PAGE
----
These are the last words of David:
“David, the son of Jesse, speaks—
David, the man who was raised up so high,
David, the man anointed by the God of Jacob,
David, the sweet psalmist of Israel.*
his words are upon my tongue.
The Rock of Israel said to me:
‘The one who rules righteously,
who rules in the fear of God,
like a morning without clouds,
like the gleaming of the sun
on new grass after rain.’
Yes, he has made an everlasting covenant with me.
His agreement is arranged and guaranteed in every detail.
He will ensure my safety and success.
for they tear the hand that touches them.
they will be totally consumed by fire.”
8 These are the names of David’s mightiest warriors. The first was Jashobeam the Hacmonite,* who was leader of the Three* —the three mightiest warriors among David’s men. He once used his spear to kill 800 enemy warriors in a single battle.*
9 Next in rank among the Three was Eleazar son of Dodai, a descendant of Ahoah. Once Eleazar and David stood together against the Philistines when the entire Israelite army had fled. 10 He killed Philistines until his hand was too tired to lift his sword, and the Lord gave him a great victory that day. The rest of the army did not return until it was time to collect the plunder!
11 Next in rank was Shammah son of Agee from Harar. One time the Philistines gathered at Lehi and attacked the Israelites in a field full of lentils. The Israelite army fled, 12 but Shammah* held his ground in the middle of the field and beat back the Philistines. So the Lord brought about a great victory.
13 Once during the harvest, when David was at the cave of Adullam, the Philistine army was camped in the valley of Rephaim. The Three (who were among the Thirty—an elite group among David’s fighting men) went down to meet him there. 14 David was staying in the stronghold at the time, and a Philistine detachment had occupied the town of Bethlehem.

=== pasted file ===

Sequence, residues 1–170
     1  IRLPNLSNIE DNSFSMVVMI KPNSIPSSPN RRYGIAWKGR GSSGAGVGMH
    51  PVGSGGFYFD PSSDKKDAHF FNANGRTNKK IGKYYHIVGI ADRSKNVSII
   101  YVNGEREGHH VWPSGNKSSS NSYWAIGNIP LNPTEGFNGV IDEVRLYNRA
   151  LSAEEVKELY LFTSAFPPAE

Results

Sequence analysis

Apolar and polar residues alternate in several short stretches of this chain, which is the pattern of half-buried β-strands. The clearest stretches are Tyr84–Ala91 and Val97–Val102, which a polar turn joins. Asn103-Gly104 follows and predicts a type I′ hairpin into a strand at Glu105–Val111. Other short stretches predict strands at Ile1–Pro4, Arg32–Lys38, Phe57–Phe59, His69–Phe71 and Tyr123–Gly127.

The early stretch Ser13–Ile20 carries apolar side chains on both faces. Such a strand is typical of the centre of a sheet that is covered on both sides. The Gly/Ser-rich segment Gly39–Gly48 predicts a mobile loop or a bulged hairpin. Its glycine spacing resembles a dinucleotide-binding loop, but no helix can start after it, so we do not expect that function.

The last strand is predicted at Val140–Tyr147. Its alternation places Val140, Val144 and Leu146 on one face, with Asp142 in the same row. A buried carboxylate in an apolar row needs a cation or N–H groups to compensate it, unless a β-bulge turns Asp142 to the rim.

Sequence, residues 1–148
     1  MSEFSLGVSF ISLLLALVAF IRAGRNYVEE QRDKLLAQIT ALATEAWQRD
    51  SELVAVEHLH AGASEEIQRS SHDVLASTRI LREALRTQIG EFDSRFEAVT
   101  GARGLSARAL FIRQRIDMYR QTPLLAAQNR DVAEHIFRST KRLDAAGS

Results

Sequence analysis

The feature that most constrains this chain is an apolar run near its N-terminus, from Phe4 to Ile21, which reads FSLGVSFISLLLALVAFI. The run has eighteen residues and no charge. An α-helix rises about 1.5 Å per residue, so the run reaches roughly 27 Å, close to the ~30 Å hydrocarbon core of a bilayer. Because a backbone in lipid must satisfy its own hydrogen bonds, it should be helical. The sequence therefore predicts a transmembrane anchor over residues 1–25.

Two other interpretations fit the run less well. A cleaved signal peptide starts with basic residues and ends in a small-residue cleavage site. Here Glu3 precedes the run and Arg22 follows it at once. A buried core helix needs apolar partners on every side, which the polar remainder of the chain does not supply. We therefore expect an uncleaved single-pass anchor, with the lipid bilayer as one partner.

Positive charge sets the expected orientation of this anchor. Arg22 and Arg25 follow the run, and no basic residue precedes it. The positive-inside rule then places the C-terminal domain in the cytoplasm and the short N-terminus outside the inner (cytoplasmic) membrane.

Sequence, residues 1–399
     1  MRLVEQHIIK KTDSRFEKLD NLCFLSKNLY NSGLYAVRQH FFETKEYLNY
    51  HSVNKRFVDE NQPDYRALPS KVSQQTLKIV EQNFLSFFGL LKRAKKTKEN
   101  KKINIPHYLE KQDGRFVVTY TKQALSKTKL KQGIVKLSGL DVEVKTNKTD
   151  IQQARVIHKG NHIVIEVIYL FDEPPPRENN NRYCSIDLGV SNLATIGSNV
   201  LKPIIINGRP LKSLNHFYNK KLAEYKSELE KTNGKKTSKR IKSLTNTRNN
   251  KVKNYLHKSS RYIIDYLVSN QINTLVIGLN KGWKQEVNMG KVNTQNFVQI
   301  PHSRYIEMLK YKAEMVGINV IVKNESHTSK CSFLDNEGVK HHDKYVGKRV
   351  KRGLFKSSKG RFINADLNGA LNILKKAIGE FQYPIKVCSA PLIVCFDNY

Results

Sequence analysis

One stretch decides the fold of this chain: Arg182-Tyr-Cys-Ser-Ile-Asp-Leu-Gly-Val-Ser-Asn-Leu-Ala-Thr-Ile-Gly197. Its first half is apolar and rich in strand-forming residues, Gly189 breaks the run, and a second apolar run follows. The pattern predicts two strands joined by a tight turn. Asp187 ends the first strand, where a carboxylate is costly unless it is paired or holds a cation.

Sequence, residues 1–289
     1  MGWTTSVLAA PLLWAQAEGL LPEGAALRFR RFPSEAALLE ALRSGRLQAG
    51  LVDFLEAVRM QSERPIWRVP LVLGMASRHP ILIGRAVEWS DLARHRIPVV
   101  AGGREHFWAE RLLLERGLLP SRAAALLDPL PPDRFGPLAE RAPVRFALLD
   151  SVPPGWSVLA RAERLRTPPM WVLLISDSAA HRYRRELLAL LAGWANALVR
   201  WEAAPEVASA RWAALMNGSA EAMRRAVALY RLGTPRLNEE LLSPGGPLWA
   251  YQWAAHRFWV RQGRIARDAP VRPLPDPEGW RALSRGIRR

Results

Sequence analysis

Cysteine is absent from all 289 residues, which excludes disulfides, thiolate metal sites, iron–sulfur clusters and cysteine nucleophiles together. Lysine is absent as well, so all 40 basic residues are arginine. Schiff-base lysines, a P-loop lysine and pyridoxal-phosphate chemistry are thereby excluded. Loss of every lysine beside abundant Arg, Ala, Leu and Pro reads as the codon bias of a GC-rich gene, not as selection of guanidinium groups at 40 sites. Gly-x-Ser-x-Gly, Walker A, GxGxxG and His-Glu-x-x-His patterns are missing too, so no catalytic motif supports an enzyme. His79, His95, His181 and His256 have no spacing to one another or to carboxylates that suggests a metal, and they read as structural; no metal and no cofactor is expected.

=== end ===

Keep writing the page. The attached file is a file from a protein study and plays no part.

15 David remarked longingly to his men, “Oh, how I would love some of that good water from the well by the gate in Bethlehem.” 16 So the Three broke through the Philistine lines, drew some water from the well by the gate in Bethlehem, and brought it back to David. But he refused to drink it. Instead, he poured it out as an offering to the Lord. 17 “The Lord forbid that I should drink this!” he exclaimed. “This water is as precious as the blood of these men* who risked their lives to bring it to me.” So David did not drink it. These are examples of the exploits of the Three.
18 Abishai son of Zeruiah, the brother of Joab, was the leader of the Thirty.* He once used his spear to kill 300 enemy warriors in a single battle. It was by such feats that he became as famous as the Three. 19 Abishai was the most famous of the Thirty* and was their commander, though he was not one of the Three.
20 There was also Benaiah son of Jehoiada, a valiant warrior* from Kabzeel. He did many heroic deeds, which included killing two champions* of Moab. Another time, on a snowy day, he chased a lion down into a pit and killed it. 21 Once, armed only with a club, he killed an imposing Egyptian warrior who was armed with a spear. Benaiah wrenched the spear from the Egyptian’s hand and killed him with it. 22 Deeds like these made Benaiah as famous as the Three mightiest warriors. 23 He was more honored than the other members of the Thirty, though he was not one of the Three. And David made him captain of his bodyguard.
Asahel, Joab’s brother;
Elhanan son of Dodo from Bethlehem;
Elika from Harod;
26 Helez from Pelon* ;
Ira son of Ikkesh from Tekoa;
Sibbecai* from Hushah;
Maharai from Netophah;
29 Heled* son of Baanah from Netophah;
Ithai* son of Ribai from Gibeah (in the land of Benjamin);
Azmaveth from Bahurim;
the sons of Jashen;
Jonathan 33 son of Shagee* from Harar;
Ahiam son of Sharar from Harar;
Eliam son of Ahithophel from Giloh;
Paarai from Arba;
Bani from Gad;
Naharai from Beeroth, the armor bearer of Joab son of Zeruiah;
Gareb from Jattir;
There were thirty-seven in all.
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